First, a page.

In Matthew 17:24–27, after Jesus arrived in Capernaum, the temple tax collectors asked Peter, "Doesn't your teacher pay the tax?" The religious authorities collected two drachmas, half a shekel (approximately two days' wages), annually from every Jewish man for the upkeep of the temple. The money was regarded as being given to God because the Lord had commanded Moses that each Jewish male who was twenty years old or older must pay the Lord a ransom for his life (Ex. 30:11–16; 38:26; 2 Chron. 24:5). Knowing that his Master obeyed the Law, Peter told the collectors, "Yes, my Teacher does pay the tax."
Then Peter immediately went to discuss the matter with Jesus. However, before he could say a word, Jesus questioned, "From whom do the kings of the earth collect duty and taxes--from their own sons or from strangers?" "From strangers," replied Peter. "‘Then the sons are exempt,' Jesus said to him" (Matt. 17:26, NIV).
In other words, a king did not demand that his own sons, the heirs to his throne, pay tribute to him. Instead, the people of conquered nations typically paid tribute to the king. In saying this, Jesus was noting that He was exempt from paying the tax for two reasons: (1) as the Son of God, He did not need to pay tribute to His Father, and (2) as the perfect, sinless God-Man, He had no need to ransom or redeem His life.
However, since Jesus did not wish to offend the tax collectors or give them reason to think that Jewish males did not have to pay this tribute to God, He instructed Peter to go catch a fish. "‘Take the first fish you catch; open its mouth and you will find a four-drachma coin. Take it and give it to them for my tax and yours'" (v. 27, NIV).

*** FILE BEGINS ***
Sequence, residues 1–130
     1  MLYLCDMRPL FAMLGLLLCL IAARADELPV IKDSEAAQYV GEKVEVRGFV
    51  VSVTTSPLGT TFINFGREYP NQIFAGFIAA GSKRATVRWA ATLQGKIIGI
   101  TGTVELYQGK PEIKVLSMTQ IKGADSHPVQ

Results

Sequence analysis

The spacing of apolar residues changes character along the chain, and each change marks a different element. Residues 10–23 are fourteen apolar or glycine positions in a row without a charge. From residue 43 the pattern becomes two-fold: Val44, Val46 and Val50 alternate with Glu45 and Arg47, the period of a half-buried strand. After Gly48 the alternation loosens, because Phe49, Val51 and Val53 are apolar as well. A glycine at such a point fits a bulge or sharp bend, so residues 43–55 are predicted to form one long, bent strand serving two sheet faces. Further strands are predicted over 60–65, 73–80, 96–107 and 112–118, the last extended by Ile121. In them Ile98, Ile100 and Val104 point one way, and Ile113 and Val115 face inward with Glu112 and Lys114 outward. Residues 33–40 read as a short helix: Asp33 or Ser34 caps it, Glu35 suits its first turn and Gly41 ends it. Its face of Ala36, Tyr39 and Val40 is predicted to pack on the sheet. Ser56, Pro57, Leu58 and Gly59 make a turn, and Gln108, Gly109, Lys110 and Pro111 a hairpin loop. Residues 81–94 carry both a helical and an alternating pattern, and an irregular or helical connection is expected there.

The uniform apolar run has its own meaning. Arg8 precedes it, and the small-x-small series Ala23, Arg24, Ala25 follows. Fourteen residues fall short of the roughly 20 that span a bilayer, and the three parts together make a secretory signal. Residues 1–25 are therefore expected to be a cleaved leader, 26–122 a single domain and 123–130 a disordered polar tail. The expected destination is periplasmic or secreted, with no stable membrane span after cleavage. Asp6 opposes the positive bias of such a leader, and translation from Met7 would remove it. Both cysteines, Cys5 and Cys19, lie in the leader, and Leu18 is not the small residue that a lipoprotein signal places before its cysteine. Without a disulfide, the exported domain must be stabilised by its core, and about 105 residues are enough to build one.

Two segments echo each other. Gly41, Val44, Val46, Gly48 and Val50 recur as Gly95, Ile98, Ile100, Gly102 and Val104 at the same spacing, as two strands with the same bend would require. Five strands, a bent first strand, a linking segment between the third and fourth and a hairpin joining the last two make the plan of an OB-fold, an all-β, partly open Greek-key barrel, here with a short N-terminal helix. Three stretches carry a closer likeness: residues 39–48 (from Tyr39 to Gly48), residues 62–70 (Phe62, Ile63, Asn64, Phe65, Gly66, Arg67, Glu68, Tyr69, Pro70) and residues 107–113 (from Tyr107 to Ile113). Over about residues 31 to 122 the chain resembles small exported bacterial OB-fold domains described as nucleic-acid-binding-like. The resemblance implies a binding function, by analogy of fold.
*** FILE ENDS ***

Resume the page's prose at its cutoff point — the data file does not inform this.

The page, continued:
Jesus could have simply opened his empty hand and miraculously made the money appear. Instead, He allowed Peter to play a crucial role in the miracle. By doing so, He brought to life an important principle, which the apostle Paul later stated: Give "no cause for offense in anything, so that the ministry will not be discredited" (2 Cor. 6:3, NASB). "Whatever you do, do all to the glory of God. Give no offense either to Jews or to Greeks or to the church of God" (1 Cor. 10:31–32, NASB). Romans 13:7 adds, "Render to all what is due them: tax to whom tax is due; custom to whom custom; fear to whom fear; honor to whom honor" (NASB).
Although our words often affect others positively or negatively, our actions more powerfully impact them. Leviticus 19:14 says, "Do not curse the deaf or put a stumbling block in front of the blind, but fear your God. I am the LORD" (NIV). Although this passage speaks of those who are physically blind or deaf, we could also apply it to unbelievers who are spiritually blind and deaf.
What actions would cause unbelievers to stumble?
Verses 13–18 list spreading slander, seeking revenge, bearing a grudge, defrauding our neighbor, showing partiality to the poor or favoring the great, holding back the wages of a hired person overnight, hating a person in our heart, and perverting justice. By our example, we encourage unbelievers to accept Christ or to turn away from Him.
Romans 14:13 urges us not to put obstacles or stumbling blocks in front of our brothers and sisters in the Lord. Paul states, "Be careful . . . that the exercise of your freedom does not become a stumbling block to the weak" (1 Cor. 8:9, NIV).
How can we avoid causing our fellow believers to stumble? "Stop passing judgment on one another . . . . Make every effort to do what leads to peace and to mutual edification" (Rom. 14:13, 19, NIV). We who are stronger in the faith should be patient with those who are weaker and try to encourage them and build them up in the Lord. Following Paul's example, we should do what is right, not only in the eyes of the Lord but also in the eyes of men (2 Cor. 8:21, NIV).
If Jesus went out of His way to avoid causing someone to stumble, how much more should we endure minor inconveniences to prevent others from stumbling and to uplift our fellow Christians.
Howard W. Stevens